I dry fit the case back together and pressed each of the buttons about a dozen times to help with the cleaning process. After another disassembly and wipe down to remove any excess contact cleaner, the controller was reassembled. I marched it right outside and plugged it back into the mount, then powered up the mount. This time the mount responded to the appropriate key presses. The display was easy to read while the handset was still warm from being in the house, but the performance deteriorated as it dropped back down to the ambient temperature of around -15°C (5°F).
This was the first major task completed. The handset wasn’t dead. Still, it’s an earlier model that needs a serial-to-USB dongle to talk to the computer. I remembered, with dread, the struggle to get a stable serial-to-USB connection in Windows 8 because of unstable drivers so I was not looking forward to attempting to connect that mess to my Windows 10 laptop. A short while later I ordered the newer version Nexstar+ hand controller with built-in USB. Celestron quite cleverly built a Prolific model serial-to-USB hardware interface into the handset. Consequently, I deferred the opportunity to struggle again with my existing Prolific model dongle and Windows 10. At least now I have a back up handset.
The Celestron C6R
This telescope is the stereotypical image most people hold in their mind when they think of an astronomical telescope. It’s big, and it’s black, and it’s heavy, and it’s big. The overall length of the scope with the dew hood and focuser attached is around 1.37 meter (54 inch) and the 150mm (6 inch) diameter tube makes it look like a rocket launcher. At over 10 kg (22 lbs) this configuration consists of the Moonlite focuser with a high-resolution stepper motor that replaces the stock focuser at one end and the doublet achromatic lens cell at the other. The focuser is removed easily enough by undoing 3 screws and withdrawing it from the tube. The lens cell is another story altogether.
Some points for clarity here. I handled the equipment that was brought inside while wearing gloves and a mask. A variety of cleaning supplies were assembled such as, non-surgical masks, Q-Tips and cotton balls, 90% isopropyl alcohol and the other sundry supplies. An easy enough thing to do in these days of COVID. Also, the room where the service was being performed had been wiped down and cleaned in preparation for the tasks ahead. A couple of the non-surgical masks were placed over the heating vents. In addition to a recent furnace filter change, there are a couple of air cleaners, and fans pushing air away from the “clean” work area.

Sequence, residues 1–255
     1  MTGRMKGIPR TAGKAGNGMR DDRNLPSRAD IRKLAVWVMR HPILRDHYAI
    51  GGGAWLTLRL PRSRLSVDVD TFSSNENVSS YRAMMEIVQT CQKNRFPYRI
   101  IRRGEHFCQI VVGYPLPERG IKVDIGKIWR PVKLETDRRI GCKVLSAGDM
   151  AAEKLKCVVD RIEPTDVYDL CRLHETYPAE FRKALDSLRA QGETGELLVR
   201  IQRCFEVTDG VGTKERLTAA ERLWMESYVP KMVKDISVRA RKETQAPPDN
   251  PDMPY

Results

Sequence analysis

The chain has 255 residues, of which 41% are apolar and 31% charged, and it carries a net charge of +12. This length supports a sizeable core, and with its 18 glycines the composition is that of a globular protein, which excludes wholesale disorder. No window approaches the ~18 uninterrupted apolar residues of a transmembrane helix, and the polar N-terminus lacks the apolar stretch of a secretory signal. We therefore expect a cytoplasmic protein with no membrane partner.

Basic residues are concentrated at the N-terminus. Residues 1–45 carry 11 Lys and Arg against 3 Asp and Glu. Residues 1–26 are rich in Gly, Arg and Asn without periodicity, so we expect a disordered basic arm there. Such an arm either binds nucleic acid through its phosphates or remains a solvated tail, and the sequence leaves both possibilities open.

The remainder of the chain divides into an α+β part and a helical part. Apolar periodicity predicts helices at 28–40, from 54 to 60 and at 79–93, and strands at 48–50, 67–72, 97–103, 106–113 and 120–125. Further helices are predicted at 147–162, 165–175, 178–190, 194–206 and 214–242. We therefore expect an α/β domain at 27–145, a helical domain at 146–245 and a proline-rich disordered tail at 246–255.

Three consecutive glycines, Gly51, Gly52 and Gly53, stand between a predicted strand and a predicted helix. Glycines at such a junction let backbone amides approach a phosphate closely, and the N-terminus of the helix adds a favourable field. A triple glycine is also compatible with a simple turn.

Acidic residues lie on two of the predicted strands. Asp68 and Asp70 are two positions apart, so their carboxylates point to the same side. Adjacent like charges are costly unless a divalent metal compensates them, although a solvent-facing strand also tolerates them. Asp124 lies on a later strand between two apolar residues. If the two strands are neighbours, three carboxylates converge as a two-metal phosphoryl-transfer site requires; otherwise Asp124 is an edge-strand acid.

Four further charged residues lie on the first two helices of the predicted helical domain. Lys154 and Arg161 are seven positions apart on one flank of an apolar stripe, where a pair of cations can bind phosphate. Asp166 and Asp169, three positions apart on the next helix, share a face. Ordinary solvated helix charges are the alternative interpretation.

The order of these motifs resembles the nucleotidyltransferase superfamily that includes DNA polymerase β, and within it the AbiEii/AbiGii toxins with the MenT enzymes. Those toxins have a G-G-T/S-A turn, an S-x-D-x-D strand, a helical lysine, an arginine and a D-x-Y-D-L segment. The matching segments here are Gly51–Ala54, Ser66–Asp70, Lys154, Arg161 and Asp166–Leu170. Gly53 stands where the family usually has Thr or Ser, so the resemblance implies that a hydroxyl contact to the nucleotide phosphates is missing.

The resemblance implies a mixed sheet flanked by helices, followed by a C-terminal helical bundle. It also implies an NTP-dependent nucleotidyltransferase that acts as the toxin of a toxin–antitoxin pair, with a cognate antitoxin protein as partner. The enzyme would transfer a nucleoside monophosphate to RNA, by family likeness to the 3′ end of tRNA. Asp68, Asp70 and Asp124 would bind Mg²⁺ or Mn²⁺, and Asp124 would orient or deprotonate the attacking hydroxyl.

The dew shield slides off the outer part of the lens assembly providing access to the mounting screws and outer lens component. The lens cell consists of two parts: the lens assembly itself which detaches from the optical tube and the mounting base which remains attached to the end of the aluminum optical tube. To spare myself confusion later, I put several differing index marks spanning both parts, around the perimeter of the lens cell, and next to the assembly screws. I did this so that I’d be able to correctly align the lens cell with the mounting base later. Care should be taken to only undo the three Phillips mounting screws and leave the collimation set screws alone. As with the focuser, I set the lens cell aside temporarily and set to work cleaning what I was able to from the inside of the optical tube. There are a series of 3 baffles spaced along the inside of the tube that are used to stop unwanted light from passing to the observer, or in my case a camera sensor.
The optical tube has limited room to manoeuvre inside, so accessing the inside spaces took some doing. I was able to remove quite a few layers of dust and debris using a combination of a vacuum and a Swiffer duster on a handle. After a few rounds it’s not quite black inside, but it is a darker gray so I’m counting it as a win. After cleaning the interior of the optical tube, I set to work cleaning the exterior surfaces, making note of the variety of scuffs and scratches that collected over time, some since it arrived in 2014. With the telescope tube cleaned inside and out, the ends were covered with latex gloves to help diminish any new debris.